Our Wright stuff

The Coast - - THIS WEEK -

The house at 989 Young Av­enue, on the Inglis Street corner, does lit­tle to re­flect its fas­ci­nat­ing his­tory. Paint peels on the dou­ble-door en­trance that in­con­gru­ously an­nounces an herbal­ist within—PLEASE RING DOORBELL—as an em­bossed card of­fers op­por­tu­ni­ties for “day renters” and the re­al­ity of 2018 warns of an elec­tronic se­cu­rity sys­tem. Past the doors, a Gov­ern­ment of Canada plaque hon­our­ing Edith Archibald (1854-1936) dom­i­nates the front en­trance­way. But none of these no­tices tells of Ge­orge Wright, the house’s dy­namic orig­i­nal owner.

Wright was the sports­man/bene­fac­tor of the YMCA and YWCA; com­mu­nity plan­ner who de­vel­oped the neigh­bour­hood of charm­ing houses around Wright Av­enue and Mor­ris and South Park Streets; and Ti­tanic drown­ing vic­tim. At the house, how­ever, he is re­mem­bered by only a sin­gle mod­est black-and-white photo in the corner of a meet­ing room, while a war­ren of closed doors, for­bid­den hall­ways and un­seen grand stair­cases hints at the jewel of ar­chi­tect J.C.Du­maresqu’s 1896 de­sign.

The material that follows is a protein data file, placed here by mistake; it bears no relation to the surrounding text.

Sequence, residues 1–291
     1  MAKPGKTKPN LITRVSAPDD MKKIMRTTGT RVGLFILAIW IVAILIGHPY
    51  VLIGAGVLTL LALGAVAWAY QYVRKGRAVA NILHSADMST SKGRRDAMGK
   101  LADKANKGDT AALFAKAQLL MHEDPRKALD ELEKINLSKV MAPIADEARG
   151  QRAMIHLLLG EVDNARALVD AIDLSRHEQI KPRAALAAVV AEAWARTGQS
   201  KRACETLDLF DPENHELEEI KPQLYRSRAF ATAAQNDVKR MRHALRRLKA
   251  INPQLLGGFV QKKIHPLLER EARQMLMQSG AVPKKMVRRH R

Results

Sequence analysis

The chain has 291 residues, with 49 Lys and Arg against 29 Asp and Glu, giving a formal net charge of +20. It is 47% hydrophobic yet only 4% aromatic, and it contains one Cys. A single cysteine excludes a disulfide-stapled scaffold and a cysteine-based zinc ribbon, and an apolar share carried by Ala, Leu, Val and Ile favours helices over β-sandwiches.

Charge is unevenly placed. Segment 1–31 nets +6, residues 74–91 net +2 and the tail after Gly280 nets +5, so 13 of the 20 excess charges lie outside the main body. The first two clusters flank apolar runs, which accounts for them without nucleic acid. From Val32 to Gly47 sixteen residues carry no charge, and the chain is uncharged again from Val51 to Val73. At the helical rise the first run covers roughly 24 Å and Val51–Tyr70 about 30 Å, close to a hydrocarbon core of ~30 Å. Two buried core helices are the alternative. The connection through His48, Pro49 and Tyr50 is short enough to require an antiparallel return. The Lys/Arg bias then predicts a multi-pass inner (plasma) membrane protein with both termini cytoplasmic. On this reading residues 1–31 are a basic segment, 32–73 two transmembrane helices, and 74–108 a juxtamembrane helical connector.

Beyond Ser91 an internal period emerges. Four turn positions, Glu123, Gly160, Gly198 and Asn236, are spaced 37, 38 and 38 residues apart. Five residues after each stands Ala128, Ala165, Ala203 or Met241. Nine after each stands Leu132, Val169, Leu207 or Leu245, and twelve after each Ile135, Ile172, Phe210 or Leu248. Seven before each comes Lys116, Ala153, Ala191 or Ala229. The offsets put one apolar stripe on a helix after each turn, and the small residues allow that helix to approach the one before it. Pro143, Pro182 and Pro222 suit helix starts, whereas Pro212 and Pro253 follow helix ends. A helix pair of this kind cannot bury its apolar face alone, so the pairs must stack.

Yet that beau­ti­ful build­ing yells at us! It re­minds us of why we live in Hal­i­fax and how visi­tors see us. Its sta­tus is en­shrined in the open­ing lines of the Fe­bru­ary 15, 1896 by­law An Act Re­lat­ing To Young Av­enue, which tell us “Young Av­enue forms the main En­trance to The Park.” It is our shame that not even a plaque hon­ours Ge­orge Wright at his now-shabby house. As cruise ship pas­sen­gers de­scend in April, gawk­ers wan­der in dur­ing Doors Open Hal­i­fax in June and Hal­i­fax’s host­ing of the 2018 Ti­tanic In­ter­na­tional So­ci­ety con­ven­tion bring a global au­di­ence to Ti­tanic-re­lated sites around the city, eu­geni­cist Edith Archibald will get more notice.

Haligo­ni­ans and Ge­orge Wright de­serve a painted, prop­erly main­tained house. Right now, the house passes for some­one else’s lazy in­dif­fer­ence. But the Wright house should be like a mini Flem­ing Tower—“an in­struc­tive ob­ject les­son,” to quote Sand­ford Flem­ing, “to foster in the minds of the youth and fu­ture gen­er­a­tions a wor­thy pride in their past.” We can do bet­ter, Hal­i­fax. —Bill Jor­dan, Hal­i­fax

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